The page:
This time last year, the World Health Organization recently had declared that the spread of Covid-19 constituted a worldwide pandemic.
Stringent measures in the U.S. were being taken to slow the spread of Covid and “flatten the curve.” The lockdowns and shelter-in-place orders dealt a body blow to U.S. economic activity.
Investors, who attempt to price in economic activity over the next six to nine months, had no prior experience to handicap a shutdown and eventual reopening of the economy. It was as if we were driving through a dark and foggy night with no headlights to guide our path.
Consequently, investor reaction was swift, and the first bear market since 2009 descended upon investors. Volatility was intense. In just one day, the Dow Jones Industrial Average lost nearly 3,000 points, or 12.9% (March 16, 2020 St. Louis Federal Reserve DJIA data).
That day accounted for over 25% of the Dow’s nearly 11,000-point peak-to-trough loss.
The major market indexes bottomed on March 23. The bear market lasted barely over a month, if we use the broader-based S&P 500 Index as our yardstick. It was a swift decline, but it was the shortest bear market we’ve ever experienced.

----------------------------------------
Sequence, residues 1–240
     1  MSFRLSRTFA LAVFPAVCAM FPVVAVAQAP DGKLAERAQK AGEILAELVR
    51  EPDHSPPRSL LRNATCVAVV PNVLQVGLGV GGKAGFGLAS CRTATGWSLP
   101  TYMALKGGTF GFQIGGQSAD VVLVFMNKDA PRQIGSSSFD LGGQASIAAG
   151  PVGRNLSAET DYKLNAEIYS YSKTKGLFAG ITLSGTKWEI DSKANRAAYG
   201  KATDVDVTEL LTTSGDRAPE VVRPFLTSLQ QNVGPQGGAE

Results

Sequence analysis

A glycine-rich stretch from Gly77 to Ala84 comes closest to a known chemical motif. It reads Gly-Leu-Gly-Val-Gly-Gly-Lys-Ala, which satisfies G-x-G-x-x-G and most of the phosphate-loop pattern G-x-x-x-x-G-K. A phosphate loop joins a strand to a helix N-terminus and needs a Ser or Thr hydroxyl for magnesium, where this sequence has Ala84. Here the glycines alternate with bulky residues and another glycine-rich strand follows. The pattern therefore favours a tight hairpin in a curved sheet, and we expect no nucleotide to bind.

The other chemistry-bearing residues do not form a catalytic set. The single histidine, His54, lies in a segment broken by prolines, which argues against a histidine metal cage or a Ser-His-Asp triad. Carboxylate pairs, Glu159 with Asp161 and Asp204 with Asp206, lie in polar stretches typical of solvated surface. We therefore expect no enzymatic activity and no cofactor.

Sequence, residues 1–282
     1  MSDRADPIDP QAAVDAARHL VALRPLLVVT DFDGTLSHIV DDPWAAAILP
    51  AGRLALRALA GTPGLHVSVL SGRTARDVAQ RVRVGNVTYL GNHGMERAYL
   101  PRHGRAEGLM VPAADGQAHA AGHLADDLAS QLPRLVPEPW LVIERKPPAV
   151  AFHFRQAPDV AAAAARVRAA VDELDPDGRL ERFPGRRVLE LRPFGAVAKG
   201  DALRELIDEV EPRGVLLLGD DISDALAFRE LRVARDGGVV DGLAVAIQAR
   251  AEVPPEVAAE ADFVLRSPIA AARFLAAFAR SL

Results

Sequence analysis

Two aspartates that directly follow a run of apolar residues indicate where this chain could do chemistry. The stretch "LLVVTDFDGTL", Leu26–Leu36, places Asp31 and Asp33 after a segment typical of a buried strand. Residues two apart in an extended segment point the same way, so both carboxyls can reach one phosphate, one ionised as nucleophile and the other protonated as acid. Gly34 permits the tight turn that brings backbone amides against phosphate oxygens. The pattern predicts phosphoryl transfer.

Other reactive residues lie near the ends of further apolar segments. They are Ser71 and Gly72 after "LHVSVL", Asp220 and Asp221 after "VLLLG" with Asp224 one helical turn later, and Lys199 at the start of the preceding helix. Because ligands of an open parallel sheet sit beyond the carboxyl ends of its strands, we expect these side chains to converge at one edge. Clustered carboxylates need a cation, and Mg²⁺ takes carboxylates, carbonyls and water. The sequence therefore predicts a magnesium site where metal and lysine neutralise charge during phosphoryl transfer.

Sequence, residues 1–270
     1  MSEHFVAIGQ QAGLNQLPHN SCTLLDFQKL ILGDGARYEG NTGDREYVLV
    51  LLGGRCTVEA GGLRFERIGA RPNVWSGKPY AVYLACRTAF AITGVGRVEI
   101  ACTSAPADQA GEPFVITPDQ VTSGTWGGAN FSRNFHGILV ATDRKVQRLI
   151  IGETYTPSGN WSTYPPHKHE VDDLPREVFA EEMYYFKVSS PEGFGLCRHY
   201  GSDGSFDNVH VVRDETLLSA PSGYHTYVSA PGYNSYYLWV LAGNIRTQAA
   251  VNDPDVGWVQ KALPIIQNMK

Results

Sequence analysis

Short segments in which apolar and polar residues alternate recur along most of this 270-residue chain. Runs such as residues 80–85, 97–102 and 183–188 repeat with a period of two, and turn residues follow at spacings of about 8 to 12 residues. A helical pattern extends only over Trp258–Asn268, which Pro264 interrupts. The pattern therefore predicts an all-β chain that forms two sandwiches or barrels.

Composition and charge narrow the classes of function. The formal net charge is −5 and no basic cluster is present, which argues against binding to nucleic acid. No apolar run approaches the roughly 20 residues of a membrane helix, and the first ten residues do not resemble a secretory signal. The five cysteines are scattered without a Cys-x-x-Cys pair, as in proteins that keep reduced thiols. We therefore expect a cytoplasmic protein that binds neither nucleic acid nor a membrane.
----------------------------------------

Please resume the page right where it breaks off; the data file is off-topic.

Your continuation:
The ensuing rally has been nearly unprecedented. Since bottoming, the S&P 500 Index advanced an astounding 77.6% through March 31. Its 3,972.89 close at the end of the first quarter put it within 1.65 points of the prior March 26 closing high. And that is on top of a series of new highs since the beginning of the year. Since the end of the quarter, the S&P 500 has gone on to top 4,000.
Let’s back up and take a broader view.
If we review the six longest bull markets since WWII, the S&P 500’s advance over the first year tops all other prior bull markets. In second place at 72.4% is the bull market that began in March 2009. That run lasted into February 2020 (St. Louis Federal Reserve).
But I want to caution you that past performance doesn’t always guarantee future results.
If we gauge the first year of the 1990s bull market, the S&P 500 had advanced 32.8% during the same period. It’s an excellent performance for a period that runs about one year, but it would place the start of the long-running 90s bull market in last place among the six longest periods since WWII.
Where are we headed from here? You’ve heard me say that no one has a crystal ball. No one can accurately and consistently predict what may happen to stocks.
Nevertheless, let’s look at what’s happened in the second year of bull markets that were born out of bear markets that saw the S&P 500 Index fall at least 30%.